A book resembling the Protocols of the Elders of Zion has become a bestseller in Turkey. What makes this book so special is that the blood libel against the Jews takes on a new twist. The Washington Post reported the story.Remember - the secular Turks are considered the "good guys!"
The book is called The Children of Moses. Its cover shows Turkish Prime Minister Tayyip Erdogan inside a Star of David. Reporter Mustafa Akyol writes that this is the first in a series of four volumes. The book argues that Erdogan and his conservative allies in the pro-Islamic party are in fact crypto-Jews with secret ties to the conspiratorial forces of "global Zionism."
The book is not a rarity. Copies are on display in bookshops, on Independence Avenue (Istiklal), in the secular part of Istanbul and in Turkey’s international airport. They are displayed alongside a Turkish book with an international reputation by Pamuk Orhan. The publishers claim that over 520,000 copies – an astonishing figure – have been sold since it came out earlier in the year.
The Protocols of the Elders of Zion blamed “International Jewry” for destroying both Czarist Russia and communism as well as for the capitalist system. But this is the first time Jews have been blamed of all things for setting up an Islamic state. Most ironically, the book portrays Israel as allied with the Islamic Justice and Development Party (AKP).
The author, Ergun Poyraz, is a self-declared Kemalist, i.e. a loyal follower of Kemal Ataturk, who founded modern Turkey in 1923. “Zionism has decided to turn Turkey from its secular path and make it a moderate Islamic republic," Poyraz maintains in all seriousness, offering no support for his arguments, which are not documented and have no factual backing.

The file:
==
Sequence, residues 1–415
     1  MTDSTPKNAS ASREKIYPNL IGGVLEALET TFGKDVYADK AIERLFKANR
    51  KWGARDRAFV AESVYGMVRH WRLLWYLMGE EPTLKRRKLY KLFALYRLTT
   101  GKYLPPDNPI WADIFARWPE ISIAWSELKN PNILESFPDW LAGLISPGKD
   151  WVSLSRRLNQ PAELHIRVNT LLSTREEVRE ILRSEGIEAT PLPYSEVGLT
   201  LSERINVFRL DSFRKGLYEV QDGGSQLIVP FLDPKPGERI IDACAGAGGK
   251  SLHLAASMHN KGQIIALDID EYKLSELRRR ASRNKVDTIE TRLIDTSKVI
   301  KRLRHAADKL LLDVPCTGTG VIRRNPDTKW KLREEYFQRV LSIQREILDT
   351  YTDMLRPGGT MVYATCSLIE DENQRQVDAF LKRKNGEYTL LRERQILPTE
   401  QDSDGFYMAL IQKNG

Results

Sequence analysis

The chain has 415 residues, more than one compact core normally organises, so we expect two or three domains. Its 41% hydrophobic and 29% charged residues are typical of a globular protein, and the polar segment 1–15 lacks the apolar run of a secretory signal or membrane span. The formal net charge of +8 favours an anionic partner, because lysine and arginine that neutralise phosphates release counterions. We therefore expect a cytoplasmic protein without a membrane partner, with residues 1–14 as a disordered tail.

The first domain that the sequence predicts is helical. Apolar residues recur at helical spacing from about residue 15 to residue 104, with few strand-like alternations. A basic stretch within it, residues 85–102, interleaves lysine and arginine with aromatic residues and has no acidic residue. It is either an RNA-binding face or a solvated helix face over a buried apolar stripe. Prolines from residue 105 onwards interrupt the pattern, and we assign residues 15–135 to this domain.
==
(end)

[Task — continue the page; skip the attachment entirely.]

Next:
A clear case of anti-Semitism does not spring from virgin soil. Last February saw the exposure of a fascist group calling itself the Union of Patriotic Forces, led by retired colonel Karadag Fikri. The group’s secret oath included the words, "I am of pure Turkish blood and there is no Jewish convert in my lineage." Its members promised to "kill or be killed" so that "the Turkish nation will rule the world."
In June, police found 27 hand grenades and sticks of dynamite in a house in Istanbul belonging to one of the group members with shady links to someone in the security forces. The arrest led to other cells and Poyraz, the anti-Semitic author, belonged to one of them. The lawyer hired to defend him was Kamal Kerincsiz, who is suing Nobel Prize-winning author Pamuk for "insulting the Turkish people." The trial of Poyraz and his comrades continues.
This anti-Semitic book recalls a dark chapter in Turkish history. When Ataturk died in 1942, his successor Mustafa Ismet Inonu imposed heavy taxes targeting mainly the Jews. When unable to pay, the Jews were sent to labor camps in Eastern Turkey.
Supersessionism, new and old
33 minutes ago